How Effective Are Nootropics and Smart Drugs?
Imagine a pill you can take to speed up your thought process, improve memory, and increase productivity. If this sounds like the best life hack, you are not alone. There are pills that promise this, but whether they work is difficult. Here are the most popular cognitive enhancers available and what science actually has to say about them.
When you hear about nootropics , which are often referred to as “smart drugs,” you probably imagine something like the scene above from “ Limitless,” where the Bradley Cooper character becomes brilliant after taking a strange pill. The medications and supplements currently available do not have that strong potency, but the concept is basically the same. Many nootropics have promising benefits, such as improving memory, focus, or motivation, and there is research supporting specific uses. But the most effective nootropics like Modafinil are not meant to be used over the counter to treat a specific condition. In fact, the recreational use of nootropics is hotly debated among physicians and medical researchers. Many are concerned about the potential adverse effects of long-term use, as well as the ethics of using cognitive enhancers to gain an advantage in school, sports, or even daily work.
However, none of this stops entrepreneurs and their clients from experimenting and buying magic pills. In 2015 alone, the nootropics business grossed over $ 1 billion , and websites like the nootropics subreddit , Bluelight forums and Bulletproof Exec are popular and filled with people looking for easy ways to boost their mental performance. Still, this bizarre world of Philip K. Dick-style smart drugs is a difficult pill to take. To dive in and explain, I spoke with Kamal Patel, director of the evidence-based medical database Examine.com , and even tried several commercially available nootropics myself.
Most Research Supporting Caffeine and L-Theanine Consumption
Without a doubt, the two most popular nootropics are compounds that you have probably taken many times: caffeine and L-theanine . Both are found in coffee and green tea, but in small amounts compared to the available nootropic doses.
We’ve talked in great detail about how caffeine affects the body , but the basic idea is that it can improve your motivation and concentration by enhancing catecholamine signaling . However, its effects may wane over time as you begin to develop a tolerance for caffeine. Research into L-theanine, a common amino acid , shows that itpromotes neuronal health and mayreduce the frequency of cold and flu symptoms by strengthening the immune system. One study published in the journal Biological Psychology found that L-theanine decreased the psychological and physiological response to stress, which is why it is often taken with caffeine. In fact, in a systematic review of 11 different studies published in the Nutrition Review in 2014, researchers found that using caffeine in combination with L-theanine increased alertness, task switching, and attention. The review authors note that the effects are most pronounced during the first two hours after taking a dose, and they also note that caffeine plays an important role here, as high doses of caffeine have been found to have a greater effect than high doses of L-theanine.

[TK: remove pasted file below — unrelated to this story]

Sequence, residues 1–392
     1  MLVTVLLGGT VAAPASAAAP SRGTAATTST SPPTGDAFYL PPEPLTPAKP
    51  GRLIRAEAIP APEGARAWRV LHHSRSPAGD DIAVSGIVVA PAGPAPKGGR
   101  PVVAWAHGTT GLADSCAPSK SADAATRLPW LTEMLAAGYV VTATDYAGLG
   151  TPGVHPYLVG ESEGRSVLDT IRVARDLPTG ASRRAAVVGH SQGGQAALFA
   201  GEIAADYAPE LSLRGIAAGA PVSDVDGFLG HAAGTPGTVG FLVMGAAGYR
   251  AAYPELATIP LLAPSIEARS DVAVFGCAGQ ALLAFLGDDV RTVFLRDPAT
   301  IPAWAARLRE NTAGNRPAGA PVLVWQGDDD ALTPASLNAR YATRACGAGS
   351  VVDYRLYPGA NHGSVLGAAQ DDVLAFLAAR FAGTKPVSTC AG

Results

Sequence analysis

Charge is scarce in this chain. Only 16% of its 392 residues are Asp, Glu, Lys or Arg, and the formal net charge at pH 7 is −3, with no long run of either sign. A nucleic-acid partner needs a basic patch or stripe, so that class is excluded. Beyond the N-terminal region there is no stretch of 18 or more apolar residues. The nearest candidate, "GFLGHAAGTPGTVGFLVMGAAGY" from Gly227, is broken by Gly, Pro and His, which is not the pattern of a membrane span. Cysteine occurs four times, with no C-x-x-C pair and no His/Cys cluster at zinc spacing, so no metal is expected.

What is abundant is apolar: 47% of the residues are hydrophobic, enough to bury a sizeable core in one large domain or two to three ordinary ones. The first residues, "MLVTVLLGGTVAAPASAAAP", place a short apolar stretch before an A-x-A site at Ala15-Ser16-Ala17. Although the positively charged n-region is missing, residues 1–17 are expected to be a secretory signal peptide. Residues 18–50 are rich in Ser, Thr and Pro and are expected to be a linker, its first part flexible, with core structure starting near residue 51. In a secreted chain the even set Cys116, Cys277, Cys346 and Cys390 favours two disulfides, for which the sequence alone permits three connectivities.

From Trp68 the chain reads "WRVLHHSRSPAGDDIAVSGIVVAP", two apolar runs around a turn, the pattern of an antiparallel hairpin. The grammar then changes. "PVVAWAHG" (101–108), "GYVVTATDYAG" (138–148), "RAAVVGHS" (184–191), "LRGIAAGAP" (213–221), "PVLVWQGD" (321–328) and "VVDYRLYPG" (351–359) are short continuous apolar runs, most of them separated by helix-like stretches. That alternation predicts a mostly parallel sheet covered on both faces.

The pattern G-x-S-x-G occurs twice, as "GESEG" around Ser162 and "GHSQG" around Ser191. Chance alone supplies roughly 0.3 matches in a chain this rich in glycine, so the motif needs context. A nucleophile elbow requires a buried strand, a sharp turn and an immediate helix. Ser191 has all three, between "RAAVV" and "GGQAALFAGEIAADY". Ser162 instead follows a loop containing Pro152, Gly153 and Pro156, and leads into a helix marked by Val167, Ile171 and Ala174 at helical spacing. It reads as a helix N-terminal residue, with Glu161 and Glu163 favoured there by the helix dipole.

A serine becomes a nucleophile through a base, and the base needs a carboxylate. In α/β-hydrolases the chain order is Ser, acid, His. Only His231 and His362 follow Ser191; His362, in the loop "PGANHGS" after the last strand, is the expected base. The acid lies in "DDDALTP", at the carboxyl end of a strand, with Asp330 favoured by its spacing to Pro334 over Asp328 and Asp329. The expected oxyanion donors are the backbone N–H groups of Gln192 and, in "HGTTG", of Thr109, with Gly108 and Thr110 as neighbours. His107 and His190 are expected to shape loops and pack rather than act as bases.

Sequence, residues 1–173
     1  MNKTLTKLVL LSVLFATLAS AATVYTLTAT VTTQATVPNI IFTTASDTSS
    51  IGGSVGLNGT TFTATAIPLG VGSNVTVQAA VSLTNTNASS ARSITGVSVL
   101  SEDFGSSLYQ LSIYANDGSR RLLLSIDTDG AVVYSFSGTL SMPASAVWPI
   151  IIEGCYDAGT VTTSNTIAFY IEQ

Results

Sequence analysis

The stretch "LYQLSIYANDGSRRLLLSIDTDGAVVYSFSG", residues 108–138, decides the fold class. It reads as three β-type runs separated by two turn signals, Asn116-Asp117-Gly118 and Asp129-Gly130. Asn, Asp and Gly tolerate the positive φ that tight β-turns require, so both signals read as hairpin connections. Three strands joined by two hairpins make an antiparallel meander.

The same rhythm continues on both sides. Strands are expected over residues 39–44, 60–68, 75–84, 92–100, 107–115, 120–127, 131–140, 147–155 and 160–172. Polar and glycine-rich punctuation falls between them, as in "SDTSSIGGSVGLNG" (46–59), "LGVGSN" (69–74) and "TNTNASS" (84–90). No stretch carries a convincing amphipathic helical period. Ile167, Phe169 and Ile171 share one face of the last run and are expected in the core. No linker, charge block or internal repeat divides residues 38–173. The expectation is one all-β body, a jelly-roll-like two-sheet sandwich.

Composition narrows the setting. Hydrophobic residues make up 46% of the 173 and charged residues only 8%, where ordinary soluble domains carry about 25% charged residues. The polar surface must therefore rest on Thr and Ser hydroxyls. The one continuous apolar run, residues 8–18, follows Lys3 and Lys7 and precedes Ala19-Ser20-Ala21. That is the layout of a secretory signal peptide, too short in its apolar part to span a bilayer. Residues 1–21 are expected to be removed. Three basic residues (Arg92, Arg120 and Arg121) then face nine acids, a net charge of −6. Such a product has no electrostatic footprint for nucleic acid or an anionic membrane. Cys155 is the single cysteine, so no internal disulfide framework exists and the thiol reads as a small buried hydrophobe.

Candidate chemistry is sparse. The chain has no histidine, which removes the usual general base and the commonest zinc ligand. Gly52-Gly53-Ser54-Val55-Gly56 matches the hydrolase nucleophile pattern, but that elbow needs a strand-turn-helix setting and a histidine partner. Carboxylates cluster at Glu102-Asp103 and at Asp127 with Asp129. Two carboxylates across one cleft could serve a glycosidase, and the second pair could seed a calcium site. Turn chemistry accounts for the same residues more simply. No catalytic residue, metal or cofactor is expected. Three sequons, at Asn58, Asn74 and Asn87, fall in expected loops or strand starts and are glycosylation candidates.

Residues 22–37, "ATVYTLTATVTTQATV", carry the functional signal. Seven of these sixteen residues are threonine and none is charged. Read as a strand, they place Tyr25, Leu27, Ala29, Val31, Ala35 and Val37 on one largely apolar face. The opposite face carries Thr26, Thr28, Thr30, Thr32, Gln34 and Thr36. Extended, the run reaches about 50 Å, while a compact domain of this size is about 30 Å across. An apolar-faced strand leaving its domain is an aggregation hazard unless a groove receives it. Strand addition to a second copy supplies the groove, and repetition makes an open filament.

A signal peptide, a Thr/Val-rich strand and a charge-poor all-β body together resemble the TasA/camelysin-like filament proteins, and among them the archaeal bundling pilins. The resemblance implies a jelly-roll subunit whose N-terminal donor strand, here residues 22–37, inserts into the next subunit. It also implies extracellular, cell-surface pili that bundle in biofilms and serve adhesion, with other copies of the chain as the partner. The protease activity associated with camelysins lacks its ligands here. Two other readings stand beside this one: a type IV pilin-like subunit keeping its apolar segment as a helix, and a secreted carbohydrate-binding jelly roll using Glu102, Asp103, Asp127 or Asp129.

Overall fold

While these two compounds may not be as exciting as super pills that instantly unleash your brain’s full potential, they currently have more scientific evidence to back them up. And, as Patel explains, they are both relatively safe for healthy people of all ages. Patel explains that the combination of caffeine and L-theanine is the most basic supplement (or combination dose) because L-theanine can help reduce the anxiety and jitters that can occur when drinking too much caffeine.
A 100mg caffeine dose (half a No-Doz or one cup of strong coffee) with 200mg L-theanine is what the nootropics subreddit recommends in the newbie FAQ , and many nootropic sellers like Peak Nootropics offer the same. … In my experiments, I used a ready-made combo from Nootrobox called Go Cubes . These are essentially gummy coffee cubes (not as rough as it sounds) filled with the same starter dose of caffeine, L-theanine, and a few B vitamins added to the mix. servings – not all at once), I felt more alert and energetic, but less nervous than my usual three cups of coffee every day. I’ve noticed enough difference over the past two weeks that I will be looking for L-theanine supplements to take with my daily coffee.
Piracetam and Choline May Be Good, But We’re Not Sure Why or How
Racetam , particularly piracetam , ingredient popular nootropics , dispensed without a prescription , are synthetic stimulants intended for improving brain function. Patel notes that piracetam is the progenitor of all racetams, and the term “nootropic” was originally coined to describe its effects. However, despite its popularity and how long it has been in existence and used, researchers do not know what its mechanism of action is. Patel explained that the most famous hypothesis suggests that piracetam enhances neuronal function by increasing the fluidity of membranes in the brain, but this has not yet been confirmed. And Patel clarified that most of the research on piracetam is not done with the target market of nootropics in mind, young specialist:
Most of the research is done on people who DO NOT buy nootropics. Similar to older adults, people with overt cognitive deficits, etc. This is similar to some muscle building studies, but in a more extreme way. For example, there are studies of certain compounds that increase muscle growth in elderly or wasting patients, and nutritional supplement companies are using some of this research to support their supplementation.